Grit, is another key player in the local real estate market. The London listed company owns the Mlolongo-based Imperial Warehouse, which it acquired in November 2016 from Imperial Health Sciences at a cost of Sh2.2 billion. The company also owns a 20,200 square meter vacant plot of land adjacent to the Imperial Warehouse valued at Sh300 million. Grit also holds a 50 percent stake in the Naivasha-based Buffalo Mall.

As demand for industrial space in Kenya grows at 5.1 percent annually, international logistics companies launching operations in the country will be competing for the available spaces.




Local economy expected to drive home prices in Manchester to 60 percent rise in the next decade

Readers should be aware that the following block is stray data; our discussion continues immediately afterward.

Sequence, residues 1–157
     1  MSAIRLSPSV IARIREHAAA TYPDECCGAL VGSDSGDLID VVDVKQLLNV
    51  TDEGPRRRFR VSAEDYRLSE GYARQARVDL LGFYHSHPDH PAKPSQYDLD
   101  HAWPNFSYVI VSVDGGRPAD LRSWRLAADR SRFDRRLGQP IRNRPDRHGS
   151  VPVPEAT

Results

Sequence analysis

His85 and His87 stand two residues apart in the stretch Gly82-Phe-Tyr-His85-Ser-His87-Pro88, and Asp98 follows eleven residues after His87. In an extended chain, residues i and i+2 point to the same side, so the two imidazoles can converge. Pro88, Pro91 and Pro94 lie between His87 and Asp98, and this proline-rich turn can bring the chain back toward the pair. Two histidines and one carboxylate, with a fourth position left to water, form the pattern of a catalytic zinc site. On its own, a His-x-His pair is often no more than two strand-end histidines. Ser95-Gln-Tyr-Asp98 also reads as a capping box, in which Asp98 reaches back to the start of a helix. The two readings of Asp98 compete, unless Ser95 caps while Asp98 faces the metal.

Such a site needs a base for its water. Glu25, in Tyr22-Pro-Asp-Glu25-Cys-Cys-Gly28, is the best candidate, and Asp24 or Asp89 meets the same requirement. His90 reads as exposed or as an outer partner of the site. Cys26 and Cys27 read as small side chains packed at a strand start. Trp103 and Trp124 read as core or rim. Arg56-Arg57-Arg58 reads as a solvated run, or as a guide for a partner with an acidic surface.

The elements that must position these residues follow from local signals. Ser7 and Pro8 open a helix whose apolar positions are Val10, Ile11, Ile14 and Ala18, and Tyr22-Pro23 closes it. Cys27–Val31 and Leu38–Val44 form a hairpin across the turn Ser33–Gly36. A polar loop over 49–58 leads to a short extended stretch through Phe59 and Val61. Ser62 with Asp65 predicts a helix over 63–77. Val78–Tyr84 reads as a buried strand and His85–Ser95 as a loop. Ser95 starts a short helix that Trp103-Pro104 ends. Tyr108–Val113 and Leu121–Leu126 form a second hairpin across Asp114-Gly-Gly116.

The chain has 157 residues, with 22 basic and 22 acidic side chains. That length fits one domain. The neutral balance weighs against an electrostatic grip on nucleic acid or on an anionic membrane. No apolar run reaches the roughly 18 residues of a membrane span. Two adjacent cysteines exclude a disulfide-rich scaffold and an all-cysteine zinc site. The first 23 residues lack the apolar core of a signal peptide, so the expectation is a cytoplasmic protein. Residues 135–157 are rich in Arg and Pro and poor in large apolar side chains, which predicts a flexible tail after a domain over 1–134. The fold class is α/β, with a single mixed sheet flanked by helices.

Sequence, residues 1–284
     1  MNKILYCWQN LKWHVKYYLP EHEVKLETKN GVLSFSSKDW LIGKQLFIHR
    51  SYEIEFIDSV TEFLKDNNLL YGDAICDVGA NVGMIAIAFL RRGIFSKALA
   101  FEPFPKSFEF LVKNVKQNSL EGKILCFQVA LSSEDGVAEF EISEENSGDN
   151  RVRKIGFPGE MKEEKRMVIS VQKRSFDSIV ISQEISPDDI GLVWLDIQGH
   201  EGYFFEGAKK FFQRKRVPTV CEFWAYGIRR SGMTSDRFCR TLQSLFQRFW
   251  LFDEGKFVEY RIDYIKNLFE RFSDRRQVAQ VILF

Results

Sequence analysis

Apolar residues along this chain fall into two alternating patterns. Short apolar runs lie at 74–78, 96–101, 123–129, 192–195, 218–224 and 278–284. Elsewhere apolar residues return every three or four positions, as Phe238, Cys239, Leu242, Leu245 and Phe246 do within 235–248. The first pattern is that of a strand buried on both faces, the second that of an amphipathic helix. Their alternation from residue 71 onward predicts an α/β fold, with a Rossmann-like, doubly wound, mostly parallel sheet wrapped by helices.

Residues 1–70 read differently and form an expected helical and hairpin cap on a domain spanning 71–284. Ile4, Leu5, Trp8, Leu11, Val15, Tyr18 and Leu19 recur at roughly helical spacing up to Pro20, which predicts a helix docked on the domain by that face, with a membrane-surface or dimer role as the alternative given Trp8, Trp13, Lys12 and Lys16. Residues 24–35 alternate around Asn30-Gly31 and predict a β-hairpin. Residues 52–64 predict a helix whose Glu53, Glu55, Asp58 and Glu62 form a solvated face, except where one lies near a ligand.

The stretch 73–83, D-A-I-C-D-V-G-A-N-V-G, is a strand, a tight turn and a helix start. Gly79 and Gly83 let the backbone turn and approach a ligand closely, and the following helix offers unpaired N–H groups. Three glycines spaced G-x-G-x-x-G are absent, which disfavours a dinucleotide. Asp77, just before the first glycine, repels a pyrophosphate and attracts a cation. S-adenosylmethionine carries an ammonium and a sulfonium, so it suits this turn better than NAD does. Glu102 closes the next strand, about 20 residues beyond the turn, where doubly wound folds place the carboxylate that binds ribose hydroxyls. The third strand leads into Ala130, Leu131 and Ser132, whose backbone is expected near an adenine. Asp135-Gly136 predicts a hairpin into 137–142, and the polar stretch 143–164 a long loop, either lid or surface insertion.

Home price growth in Manchester, England, has outperformed the U.K. average for five out of the last six years, according to a recent study from real estate firm Cushman & Wakefield.

The average home in the northern city appreciated 9% in the year through July, a significant rise compared to the price declines recorded in London. According to Cushman & Wakefield, the greater Manchester is U.K.’s largest and fastest-growing economy outside of London. The city is home to a number of FTSE 100 companies and has an economy of £300 billion (US$389 billion). Businesses with core operations in Manchester include Amazon, the Royal Bank of Scotland, in addition to media giants like the BBC and ITV.

The report concludes that the local economy has fueled Manchester’s housing market, which could be a boon to developers and property investors over the next decade. The brokerage forecasts home prices in Manchester will rise 57% through 2028, the highest rate of growth in that time period of any city in the U.K.